Above all, it was a historic season, with Roger Federer becoming a family man and the career leader in Grand Slam singles titles. Federer finally won the French Open, the only major singles title he was missing. He then rode the wave — with his archrival Rafael Nadal absent — and won his record 15th major title at Wimbledon, the game’s favorite throwback and newly equipped with a translucent, retractable roof that was not closed for any of Federer’s matches. His latest title further bolstered the argument that he is the greatest player of all time.

Though he hardly dominated week in, week out in 2009, he reached the final of all four majors and regained the year-end ranking he had lost to Nadal in 2008. How easy then to forget that until May, this looked like Year 2 of Nadal’s reign, with the Majorcan launching his season by disposing of Federer in a five-set Australian Open final that left the Swiss star muttering, “God, it’s killing me,” through the tears at the awards ceremony.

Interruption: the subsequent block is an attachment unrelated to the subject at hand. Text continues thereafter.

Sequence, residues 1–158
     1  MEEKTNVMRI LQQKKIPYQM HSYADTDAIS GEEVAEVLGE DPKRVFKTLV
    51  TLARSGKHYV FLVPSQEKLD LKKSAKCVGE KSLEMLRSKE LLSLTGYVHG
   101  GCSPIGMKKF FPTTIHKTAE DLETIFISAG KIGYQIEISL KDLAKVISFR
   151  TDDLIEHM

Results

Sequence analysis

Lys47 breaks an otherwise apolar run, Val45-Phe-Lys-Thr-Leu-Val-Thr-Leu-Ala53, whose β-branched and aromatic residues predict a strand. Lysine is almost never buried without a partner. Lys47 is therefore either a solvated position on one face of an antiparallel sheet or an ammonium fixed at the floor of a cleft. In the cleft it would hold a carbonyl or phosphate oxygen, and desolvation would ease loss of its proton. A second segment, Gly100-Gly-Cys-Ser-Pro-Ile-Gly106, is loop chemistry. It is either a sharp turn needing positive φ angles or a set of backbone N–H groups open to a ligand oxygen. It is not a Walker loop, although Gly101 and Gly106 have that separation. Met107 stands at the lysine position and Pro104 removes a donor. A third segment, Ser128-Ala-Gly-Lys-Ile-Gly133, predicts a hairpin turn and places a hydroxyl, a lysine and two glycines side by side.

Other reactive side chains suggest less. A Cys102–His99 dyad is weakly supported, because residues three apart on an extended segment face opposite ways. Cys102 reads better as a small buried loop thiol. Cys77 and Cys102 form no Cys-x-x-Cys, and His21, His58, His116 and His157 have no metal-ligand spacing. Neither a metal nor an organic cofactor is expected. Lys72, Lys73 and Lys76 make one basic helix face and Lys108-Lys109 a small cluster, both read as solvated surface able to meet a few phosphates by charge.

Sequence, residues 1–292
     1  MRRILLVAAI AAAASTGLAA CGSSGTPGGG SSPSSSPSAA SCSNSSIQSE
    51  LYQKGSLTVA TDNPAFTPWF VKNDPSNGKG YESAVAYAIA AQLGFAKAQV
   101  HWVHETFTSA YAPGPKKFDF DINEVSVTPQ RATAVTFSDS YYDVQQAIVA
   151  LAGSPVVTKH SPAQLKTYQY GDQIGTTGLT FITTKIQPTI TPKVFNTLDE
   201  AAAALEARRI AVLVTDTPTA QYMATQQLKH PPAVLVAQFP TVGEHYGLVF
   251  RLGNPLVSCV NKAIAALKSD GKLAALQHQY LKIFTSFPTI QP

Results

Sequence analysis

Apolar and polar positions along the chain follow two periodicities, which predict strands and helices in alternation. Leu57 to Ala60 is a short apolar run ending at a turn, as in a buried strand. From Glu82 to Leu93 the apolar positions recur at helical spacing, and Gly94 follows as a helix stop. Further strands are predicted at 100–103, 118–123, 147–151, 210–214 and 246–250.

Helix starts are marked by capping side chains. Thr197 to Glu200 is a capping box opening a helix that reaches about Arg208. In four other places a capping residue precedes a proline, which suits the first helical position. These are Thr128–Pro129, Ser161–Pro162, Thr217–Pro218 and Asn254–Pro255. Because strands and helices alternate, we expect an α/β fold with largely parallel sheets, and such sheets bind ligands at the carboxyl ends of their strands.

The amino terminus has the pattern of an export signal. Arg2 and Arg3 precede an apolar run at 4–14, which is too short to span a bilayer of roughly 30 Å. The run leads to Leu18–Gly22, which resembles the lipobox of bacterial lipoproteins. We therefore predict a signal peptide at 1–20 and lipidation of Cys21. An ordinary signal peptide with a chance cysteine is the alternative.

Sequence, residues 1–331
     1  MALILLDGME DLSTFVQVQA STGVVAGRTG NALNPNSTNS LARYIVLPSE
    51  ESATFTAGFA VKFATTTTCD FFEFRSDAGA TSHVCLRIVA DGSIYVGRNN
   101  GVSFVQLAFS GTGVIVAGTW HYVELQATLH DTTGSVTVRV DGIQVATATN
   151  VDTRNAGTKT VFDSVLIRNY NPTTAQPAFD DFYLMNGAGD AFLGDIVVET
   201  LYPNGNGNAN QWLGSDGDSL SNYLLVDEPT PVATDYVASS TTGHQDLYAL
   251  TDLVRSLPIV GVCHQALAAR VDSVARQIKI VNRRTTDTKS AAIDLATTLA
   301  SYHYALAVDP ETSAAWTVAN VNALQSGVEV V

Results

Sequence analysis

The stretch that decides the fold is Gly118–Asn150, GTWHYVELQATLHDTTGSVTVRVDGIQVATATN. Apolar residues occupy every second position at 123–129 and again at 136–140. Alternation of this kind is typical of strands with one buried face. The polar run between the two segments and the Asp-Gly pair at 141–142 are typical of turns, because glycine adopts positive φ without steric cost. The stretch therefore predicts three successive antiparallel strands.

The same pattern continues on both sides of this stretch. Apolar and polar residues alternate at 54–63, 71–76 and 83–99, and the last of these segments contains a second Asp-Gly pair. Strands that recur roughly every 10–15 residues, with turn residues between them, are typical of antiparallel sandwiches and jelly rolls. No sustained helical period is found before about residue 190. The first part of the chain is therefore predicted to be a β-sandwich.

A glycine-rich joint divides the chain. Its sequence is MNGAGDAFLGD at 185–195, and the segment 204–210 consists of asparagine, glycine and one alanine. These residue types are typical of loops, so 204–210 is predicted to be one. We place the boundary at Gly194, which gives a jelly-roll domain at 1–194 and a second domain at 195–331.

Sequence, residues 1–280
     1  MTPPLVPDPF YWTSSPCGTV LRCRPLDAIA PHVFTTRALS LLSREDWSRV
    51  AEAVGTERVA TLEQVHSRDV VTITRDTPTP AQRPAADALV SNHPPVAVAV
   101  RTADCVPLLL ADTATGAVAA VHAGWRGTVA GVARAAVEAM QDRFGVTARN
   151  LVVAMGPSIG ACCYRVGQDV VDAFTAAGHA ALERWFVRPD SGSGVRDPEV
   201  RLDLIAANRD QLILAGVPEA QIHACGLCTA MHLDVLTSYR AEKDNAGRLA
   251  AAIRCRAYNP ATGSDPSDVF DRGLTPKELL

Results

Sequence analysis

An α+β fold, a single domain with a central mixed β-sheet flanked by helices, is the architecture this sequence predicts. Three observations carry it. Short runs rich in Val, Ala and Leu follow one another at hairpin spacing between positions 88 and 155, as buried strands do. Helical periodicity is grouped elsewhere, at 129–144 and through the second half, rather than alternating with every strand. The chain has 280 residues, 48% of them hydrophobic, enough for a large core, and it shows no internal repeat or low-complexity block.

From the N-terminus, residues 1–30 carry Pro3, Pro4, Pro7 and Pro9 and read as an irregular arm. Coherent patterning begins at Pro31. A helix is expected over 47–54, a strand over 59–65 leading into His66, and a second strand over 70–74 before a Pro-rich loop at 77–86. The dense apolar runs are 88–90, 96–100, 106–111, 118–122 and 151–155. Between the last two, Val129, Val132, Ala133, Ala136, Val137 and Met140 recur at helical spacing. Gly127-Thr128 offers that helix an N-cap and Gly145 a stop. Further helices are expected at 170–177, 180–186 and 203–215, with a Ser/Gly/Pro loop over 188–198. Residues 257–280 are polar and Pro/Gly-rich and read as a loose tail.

But public breakdowns apparently do not end eras. Nor do minor tantrums, like the one Federer indulged in by throwing his racket for the first time in years in Miami. Nadal would eventually get derailed by knee problems and by Robin Soderling, the Swede who dealt Nadal his first loss at the French Open.

Federer has now turned into a scrapper in his middle tennis age. He had to claw his way through multiple five-setters to win at last in Paris and then had to keep holding serve in the Wimbledon final before finally prevailing, 16-14, over Andy Roddick in the fifth.

Federer could not hold off Juan Martín del Potro at the United States Open, however, as the towering del Potro gradually settled into his first Grand Slam final. He pounded enough thunderous forehand winners to end Federer’s 40-match winning streak in New York and to become the first Argentine man to win there since Guillermo Vilas in 1977.

Just to remind Federer and Nadal that the new guard will not be the only threat to their status in 2010, Nikolay Davydenko — a member of the establishment — beat Nadal, Federer and del Potro to win the year-end tour championships in London.